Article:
The Volkswagen Type 14A (commonly known as the Hebmüller Cabriolet or simply Heb) is a German automobile produced after the Second World War.
After the war, Hebmüller and Sohn, a coachbuilding firm in Wuppertal, Germany, like most German companies of the time, lacked business. During this time, British Army Major Ivan Hirst of the Royal Electrical and Mechanical Engineers (REME) was running Volkswagen. After talks with Colonel Michael McEvoy about a sports car based Volkswagen Beetle, Ivan asked Ringel's experimental team to build the Colonel in charge of Volkswagen, Charles Radcliffye, a two-seat cabriolet.
The Radclyffe Cabriolet, as it is known in Volkswagen circles, obviously influenced Joseph Hebmüller II on his frequent trips to the Wolfsburg plant. The Type 14A, commonly known among VW enthusiasts as a "Heb", took many elements of the Radclyffe Cabriolet his company would later build.
At the request of Volkswagen Managing Director Heinz Nordhoff, Hebmüller and Karmann would build cabriolets for Volkswagen, with as many Type 1 parts, such as chassis, engines, and body panels, as possible. Hebmüller was to build the 2+2 cabriolet, and Karmann the four-seat cabriolet. By contrast with the Karmann, the Heb was intended as a sporting model.
In April 1949, the Type 14A passed a 10,000 kilometres (6,214 mi) rough road test by Volkswagen engineers, pleased with the results, Heinz Nordhoff ordered 2000 production versions to be sold by Volkswagen through its agents.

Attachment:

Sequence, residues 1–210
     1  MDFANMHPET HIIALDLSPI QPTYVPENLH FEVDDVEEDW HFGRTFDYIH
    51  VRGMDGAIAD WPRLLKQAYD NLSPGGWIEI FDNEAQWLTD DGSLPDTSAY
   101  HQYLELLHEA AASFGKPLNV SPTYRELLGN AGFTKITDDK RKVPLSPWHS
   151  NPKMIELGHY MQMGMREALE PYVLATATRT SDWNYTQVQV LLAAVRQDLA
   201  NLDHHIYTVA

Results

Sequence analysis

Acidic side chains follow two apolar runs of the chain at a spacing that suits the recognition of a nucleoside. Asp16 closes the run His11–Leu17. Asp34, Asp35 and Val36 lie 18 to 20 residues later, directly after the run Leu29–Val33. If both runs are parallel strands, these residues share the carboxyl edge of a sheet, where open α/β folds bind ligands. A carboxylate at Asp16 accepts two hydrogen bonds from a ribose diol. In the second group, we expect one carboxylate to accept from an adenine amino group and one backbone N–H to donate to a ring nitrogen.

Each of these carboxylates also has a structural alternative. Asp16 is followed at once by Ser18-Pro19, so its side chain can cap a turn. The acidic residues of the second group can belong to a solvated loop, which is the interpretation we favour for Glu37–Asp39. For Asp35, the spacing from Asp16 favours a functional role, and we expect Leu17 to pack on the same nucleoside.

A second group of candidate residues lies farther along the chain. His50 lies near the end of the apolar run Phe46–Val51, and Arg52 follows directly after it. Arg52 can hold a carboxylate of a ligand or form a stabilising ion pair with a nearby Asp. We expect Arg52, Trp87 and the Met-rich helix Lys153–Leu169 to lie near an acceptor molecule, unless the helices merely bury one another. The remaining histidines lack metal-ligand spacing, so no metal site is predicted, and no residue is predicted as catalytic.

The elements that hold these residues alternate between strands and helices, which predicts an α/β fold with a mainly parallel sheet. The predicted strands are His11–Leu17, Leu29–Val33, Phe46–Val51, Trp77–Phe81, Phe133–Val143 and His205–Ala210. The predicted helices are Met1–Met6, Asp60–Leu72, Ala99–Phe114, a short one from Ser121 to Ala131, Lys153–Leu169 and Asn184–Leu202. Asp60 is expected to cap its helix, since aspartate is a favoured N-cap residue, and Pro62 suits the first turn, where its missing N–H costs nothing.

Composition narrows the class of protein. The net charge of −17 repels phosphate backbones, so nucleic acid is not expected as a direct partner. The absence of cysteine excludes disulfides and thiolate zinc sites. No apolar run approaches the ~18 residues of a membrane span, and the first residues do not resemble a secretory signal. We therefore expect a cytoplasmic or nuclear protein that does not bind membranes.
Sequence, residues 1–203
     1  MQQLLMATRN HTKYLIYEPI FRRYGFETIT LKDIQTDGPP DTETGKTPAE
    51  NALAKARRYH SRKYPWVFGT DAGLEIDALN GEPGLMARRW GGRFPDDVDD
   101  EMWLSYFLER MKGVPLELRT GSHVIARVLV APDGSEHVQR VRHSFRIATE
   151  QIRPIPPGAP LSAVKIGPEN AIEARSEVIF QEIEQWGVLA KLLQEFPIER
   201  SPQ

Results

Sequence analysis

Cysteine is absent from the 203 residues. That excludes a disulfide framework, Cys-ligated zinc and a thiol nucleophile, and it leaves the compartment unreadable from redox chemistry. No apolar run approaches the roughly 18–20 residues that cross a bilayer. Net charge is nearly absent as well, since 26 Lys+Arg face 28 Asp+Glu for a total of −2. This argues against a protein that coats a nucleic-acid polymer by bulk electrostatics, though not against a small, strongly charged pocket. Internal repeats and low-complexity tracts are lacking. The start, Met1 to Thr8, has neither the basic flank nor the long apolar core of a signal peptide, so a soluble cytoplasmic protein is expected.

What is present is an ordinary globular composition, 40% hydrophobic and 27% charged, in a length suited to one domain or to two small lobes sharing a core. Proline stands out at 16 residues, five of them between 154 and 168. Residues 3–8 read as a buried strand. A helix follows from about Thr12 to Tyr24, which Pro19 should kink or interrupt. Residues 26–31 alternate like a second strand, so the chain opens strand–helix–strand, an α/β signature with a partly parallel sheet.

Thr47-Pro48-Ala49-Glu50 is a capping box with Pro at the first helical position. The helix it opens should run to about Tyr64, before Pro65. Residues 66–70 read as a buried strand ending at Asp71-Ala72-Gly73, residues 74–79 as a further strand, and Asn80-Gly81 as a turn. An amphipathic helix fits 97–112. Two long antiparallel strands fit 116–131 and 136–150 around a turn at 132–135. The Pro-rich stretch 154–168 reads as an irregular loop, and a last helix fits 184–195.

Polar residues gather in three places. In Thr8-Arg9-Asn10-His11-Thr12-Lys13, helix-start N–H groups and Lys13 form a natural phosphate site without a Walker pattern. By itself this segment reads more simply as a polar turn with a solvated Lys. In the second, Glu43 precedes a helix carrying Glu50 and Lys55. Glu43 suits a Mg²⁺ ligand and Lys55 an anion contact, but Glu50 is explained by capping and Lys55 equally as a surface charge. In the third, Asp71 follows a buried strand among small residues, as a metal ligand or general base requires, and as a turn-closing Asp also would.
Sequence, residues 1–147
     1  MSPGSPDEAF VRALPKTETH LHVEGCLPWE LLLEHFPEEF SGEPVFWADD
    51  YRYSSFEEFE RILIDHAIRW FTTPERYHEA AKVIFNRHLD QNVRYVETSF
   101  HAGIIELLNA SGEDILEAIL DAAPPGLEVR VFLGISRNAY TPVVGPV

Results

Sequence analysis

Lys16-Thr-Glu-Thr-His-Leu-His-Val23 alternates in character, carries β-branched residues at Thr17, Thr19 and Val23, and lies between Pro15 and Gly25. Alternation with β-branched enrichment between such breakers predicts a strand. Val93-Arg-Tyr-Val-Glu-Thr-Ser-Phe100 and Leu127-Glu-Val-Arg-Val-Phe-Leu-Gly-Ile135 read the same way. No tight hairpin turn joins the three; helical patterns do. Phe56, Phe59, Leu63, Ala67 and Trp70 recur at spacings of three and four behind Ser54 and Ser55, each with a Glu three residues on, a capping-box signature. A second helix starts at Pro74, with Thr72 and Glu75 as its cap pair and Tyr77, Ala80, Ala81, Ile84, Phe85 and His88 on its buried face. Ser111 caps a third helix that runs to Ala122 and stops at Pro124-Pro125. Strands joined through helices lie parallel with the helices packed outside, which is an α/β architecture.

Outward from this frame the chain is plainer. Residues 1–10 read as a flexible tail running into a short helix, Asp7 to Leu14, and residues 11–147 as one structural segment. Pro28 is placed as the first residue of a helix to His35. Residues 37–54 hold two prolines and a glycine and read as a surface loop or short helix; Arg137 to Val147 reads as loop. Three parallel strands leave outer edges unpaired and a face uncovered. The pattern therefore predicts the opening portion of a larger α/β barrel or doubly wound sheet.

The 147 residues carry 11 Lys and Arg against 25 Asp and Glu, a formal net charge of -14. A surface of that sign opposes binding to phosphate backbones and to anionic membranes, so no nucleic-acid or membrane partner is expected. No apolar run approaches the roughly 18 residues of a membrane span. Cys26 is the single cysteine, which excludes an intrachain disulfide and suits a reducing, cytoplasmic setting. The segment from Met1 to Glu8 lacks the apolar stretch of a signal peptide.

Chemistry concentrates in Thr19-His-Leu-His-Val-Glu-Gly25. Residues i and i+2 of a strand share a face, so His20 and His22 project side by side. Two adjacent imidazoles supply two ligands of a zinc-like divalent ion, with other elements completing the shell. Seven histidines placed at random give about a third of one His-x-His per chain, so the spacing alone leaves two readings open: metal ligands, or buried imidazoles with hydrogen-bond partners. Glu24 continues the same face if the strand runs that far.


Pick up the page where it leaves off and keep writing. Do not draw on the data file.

Hebmüller started production in June 1949, mechanically the Type 14A was the same as the Beetle saloon with mechanical brakes, and the Type 1's' 19-kilowatt (26 PS; 25 bhp) petrol engine. It also shared the Type 1's crank starting, and the cabriolet's icowl-mounted semaphore turn signals and its pushbutton Telefunken radio. The Heb differed in having the decklid and trunk lid being of a similar size and shape.
Retailing for 7500 Deustch Marks, the Hebmüller Cabriolet was available in a variety of colours, options were black, red and white in single tone, in two-tone combinations black and red, black and ivory, black and yellow and red and ivory was available, for extra charge buyers could choose their own combination.
The Type 14A was sold and serviced through Volkswagen agencies on the Geman market, and through private importers in foreign markets.
A fire broke out on 23 July 1949 in the factory's paint department, and made its way to the production line. After the fire, Hebmüller did manage to produce later, but later became financially ruined in the early 1950s. Production of Type 14A was moved to the Karmann factory in Osnabrück, Germany in 1952.
Production ended in 1953 with a total of 696 units produced, including 3 prototypes and 1 pre-production model. Around 100 are thought to survive.
Today a replica of the Type 14A is produced by the Brazilian convertible company Trocar.